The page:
3. Results

Selected examples of the time series trajectories and BFM models for the field validation are shown in Figure 4. The time series in our study were characterized by an abundance of observations from 2013 onwards, and a low observation frequency between 1985 and 1990. Amplitude ranges for the NDMI of different land covers varied. In contrast to the other time series, CF showed the most stable time series with the least outliers and signal drops for a degradation event were clearly distinct from previous observations (history period). CW was less stable, yet degradation was distinctively identifiable in this example (Figure 4a). Both aforementioned land cover time series showed the highest NDMI values and largest amplitudes. The NDMI values for CB and OG were subtler. Values and amplitudes were low, and degradation events were not as distinct from undisturbed observations as for CW and CF. CB and OW trajectories were similar, and were characterized by medium values, amplitudes and fluctuations.
Figure 5 shows the spatial pattern of measured degradation for the selected examples. Among the methods, threshold-based degradation patterns appeared as conterminous patches, while those for random forest alone were more scattered, indicating fewer areas impacted by degradation. The random forest and threshold-based approaches combined showed the smallest amount of area impacted by degradation. The effect on the resulting detected changes was especially profound for open land cover, while changes of detected degradation across methods varied less for closed cover canopies.

3.1. Magnitude Threshold-Based Degradation Determination

The relationship between the size of the magnitude and the probability of detecting degradation (Equation (4)) for the different land cover types is shown in Figure 6. For the sake of simplicity, within this paragraph, the term land cover refers to land cover-specific degradation. The probability of detecting degradation increased with decreasing magnitude for all classes. Differences among the relationships exist regarding the probability maxima, the shape and the position of the trajectory. These three function categories are each represented by two land cover classes. First, CW and CF were “s”-shaped functions, reaching a plateau at probabilities of 0.8–1.0. For these classes, larger magnitude values were linearly related to the probability. Furthermore, only magnitudes of these two land cover classes could identify a degradation event with high probability by using only magnitude values (where magnitude < −1.5, then p ≈ 1.0). CW and CF also showed a rapid increase in probability at rather low magnitudes (0.0–1.0). Secondly, OW and OG showed almost linear relationships between probability and magnitude. The slope of the relationship increased for class OW for magnitudes lower than −0.75, while it remained constant for OG. The maximum negative magnitude reached by OG was −1.84, and for OW it was −1.79, still suggesting that these magnitudes were not necessarily related to actual degradation events (p < 0.75). Thirdly, the functions for OB and CB were located in the middle of Figure 6. The shape of the functions was a less defined “s” shape than for the categories CW and CF, although a plateau in probability was also not reached. The slope of the two functions was located from a magnitude of −0.4 up to −1.1, similar to CF. The minimum magnitude of CB was −1.81 at a probability of 0.92, and for OB, the minimum magnitude was −1.24 at a probability of 0.79.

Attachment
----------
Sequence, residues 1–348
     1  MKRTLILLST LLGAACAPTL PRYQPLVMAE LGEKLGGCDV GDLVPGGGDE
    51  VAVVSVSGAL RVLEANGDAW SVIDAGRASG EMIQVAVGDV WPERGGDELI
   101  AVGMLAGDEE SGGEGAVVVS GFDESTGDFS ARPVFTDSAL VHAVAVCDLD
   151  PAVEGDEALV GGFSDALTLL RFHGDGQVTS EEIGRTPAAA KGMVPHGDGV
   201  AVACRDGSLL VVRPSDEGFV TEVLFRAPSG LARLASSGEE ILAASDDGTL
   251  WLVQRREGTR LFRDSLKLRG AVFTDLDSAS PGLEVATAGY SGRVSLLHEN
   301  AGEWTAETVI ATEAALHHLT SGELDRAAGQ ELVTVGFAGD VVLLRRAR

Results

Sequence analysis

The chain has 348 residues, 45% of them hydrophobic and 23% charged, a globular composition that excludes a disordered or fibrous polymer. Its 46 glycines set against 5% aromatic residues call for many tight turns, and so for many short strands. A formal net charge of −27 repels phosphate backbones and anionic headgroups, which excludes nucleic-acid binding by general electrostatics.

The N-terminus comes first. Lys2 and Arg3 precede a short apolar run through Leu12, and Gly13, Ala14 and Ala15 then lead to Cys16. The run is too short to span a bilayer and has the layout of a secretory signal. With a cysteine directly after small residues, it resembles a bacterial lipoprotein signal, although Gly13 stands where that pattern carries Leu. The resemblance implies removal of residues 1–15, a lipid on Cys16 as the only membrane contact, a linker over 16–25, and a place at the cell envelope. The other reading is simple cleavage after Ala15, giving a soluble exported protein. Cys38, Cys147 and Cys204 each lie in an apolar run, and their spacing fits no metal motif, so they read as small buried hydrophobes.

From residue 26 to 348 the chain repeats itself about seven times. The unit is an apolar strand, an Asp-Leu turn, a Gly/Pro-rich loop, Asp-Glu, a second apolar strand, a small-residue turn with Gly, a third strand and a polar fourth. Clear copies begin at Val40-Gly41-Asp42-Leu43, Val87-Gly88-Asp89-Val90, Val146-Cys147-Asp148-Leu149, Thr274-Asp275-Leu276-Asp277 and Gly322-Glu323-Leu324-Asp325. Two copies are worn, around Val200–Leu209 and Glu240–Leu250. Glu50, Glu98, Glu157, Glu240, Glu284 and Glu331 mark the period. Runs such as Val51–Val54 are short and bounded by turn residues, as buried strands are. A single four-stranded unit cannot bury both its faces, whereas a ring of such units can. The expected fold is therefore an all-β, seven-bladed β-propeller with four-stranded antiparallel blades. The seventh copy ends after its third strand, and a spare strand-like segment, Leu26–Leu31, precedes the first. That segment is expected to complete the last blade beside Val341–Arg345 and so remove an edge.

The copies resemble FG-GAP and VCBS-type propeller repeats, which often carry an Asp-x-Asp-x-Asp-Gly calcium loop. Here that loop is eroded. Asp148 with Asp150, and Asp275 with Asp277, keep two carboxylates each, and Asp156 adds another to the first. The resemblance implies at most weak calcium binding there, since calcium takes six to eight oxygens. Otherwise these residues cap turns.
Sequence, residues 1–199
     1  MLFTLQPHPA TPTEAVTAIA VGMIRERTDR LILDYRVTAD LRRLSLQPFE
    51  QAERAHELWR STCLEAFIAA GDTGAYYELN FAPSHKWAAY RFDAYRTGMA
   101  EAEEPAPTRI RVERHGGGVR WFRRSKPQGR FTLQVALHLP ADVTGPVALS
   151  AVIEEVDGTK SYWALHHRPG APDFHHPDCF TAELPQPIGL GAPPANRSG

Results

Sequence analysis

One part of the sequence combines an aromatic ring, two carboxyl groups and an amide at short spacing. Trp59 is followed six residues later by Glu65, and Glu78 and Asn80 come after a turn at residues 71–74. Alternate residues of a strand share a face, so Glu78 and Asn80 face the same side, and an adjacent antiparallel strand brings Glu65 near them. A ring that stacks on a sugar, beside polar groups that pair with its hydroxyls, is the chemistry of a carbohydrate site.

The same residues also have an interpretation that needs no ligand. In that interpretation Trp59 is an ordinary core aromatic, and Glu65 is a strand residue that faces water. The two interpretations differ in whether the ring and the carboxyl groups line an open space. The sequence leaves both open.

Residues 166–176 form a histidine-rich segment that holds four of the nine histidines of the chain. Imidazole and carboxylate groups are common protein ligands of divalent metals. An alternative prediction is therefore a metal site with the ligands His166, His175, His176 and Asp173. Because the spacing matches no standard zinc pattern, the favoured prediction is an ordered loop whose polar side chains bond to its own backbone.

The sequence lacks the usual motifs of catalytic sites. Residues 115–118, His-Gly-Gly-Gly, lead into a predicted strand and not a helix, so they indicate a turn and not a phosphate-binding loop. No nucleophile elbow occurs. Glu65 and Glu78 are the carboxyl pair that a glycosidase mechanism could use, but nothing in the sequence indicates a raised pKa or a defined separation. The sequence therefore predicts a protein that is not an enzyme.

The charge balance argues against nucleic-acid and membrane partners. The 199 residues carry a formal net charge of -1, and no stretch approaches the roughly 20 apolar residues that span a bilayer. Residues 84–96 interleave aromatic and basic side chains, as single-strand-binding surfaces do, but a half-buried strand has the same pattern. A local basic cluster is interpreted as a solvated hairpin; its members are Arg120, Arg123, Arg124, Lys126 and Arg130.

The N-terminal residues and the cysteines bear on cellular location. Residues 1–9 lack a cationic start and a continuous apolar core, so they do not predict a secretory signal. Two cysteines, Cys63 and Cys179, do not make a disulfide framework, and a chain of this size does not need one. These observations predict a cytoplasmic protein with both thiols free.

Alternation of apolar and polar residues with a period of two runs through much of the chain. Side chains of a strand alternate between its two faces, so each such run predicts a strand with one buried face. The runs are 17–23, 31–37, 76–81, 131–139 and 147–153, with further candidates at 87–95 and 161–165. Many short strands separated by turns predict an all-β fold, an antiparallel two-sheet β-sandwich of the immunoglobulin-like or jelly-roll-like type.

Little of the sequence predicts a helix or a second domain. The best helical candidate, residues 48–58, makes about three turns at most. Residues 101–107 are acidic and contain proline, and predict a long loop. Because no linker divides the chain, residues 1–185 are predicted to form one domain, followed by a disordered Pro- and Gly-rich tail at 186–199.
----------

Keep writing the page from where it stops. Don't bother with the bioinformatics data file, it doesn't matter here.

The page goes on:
Figure 7 displays overall accuracy, user’s and producer’s accuracy, and confidence intervals for a range of magnitude thresholds for a degradation event per land cover class. The trends in accuracy in Figure 7 were similar for all classes. When the magnitude threshold was lowered, the producer’s accuracy decreased, and the user’s accuracy increased. The upper line of graphs is characterized by closed canopies (land cover CW, CF and CB) and the overall accuracy peaks at the intersection of user’s and producer’s accuracy, while for the bottom graphs, characterized by open canopies (OW, OB and OG), overall accuracy gradually increased and became saturated when the magnitude threshold was lowered. Three further phenomena were observed when the magnitude threshold was lowered. First, the confidence interval for user’s accuracy and producer’s accuracy generally increased, and diminished shortly before reaching 100% (0%, respectively, for producer’s accuracy), except for OG. For this effect, open canopies were more severely impacted than closed canopies. Lowest accuracy confidences were generally found in the mid-range of magnitude values (−0.5 to −0.9). Secondly, changes in open canopies accuracy and confidence changes occurred mostly at larger magnitudes than for closed canopies, where variations of accuracy and confidences were evident throughout the full range of negative magnitudes. As a result, the slopes of the user’s and producer’s accuracy functions were relatively flatter for closed canopies and steeper for open canopies. Closed canopies usually occupied a larger range of magnitudes, while for open canopies, major variations occurred for a short magnitude range.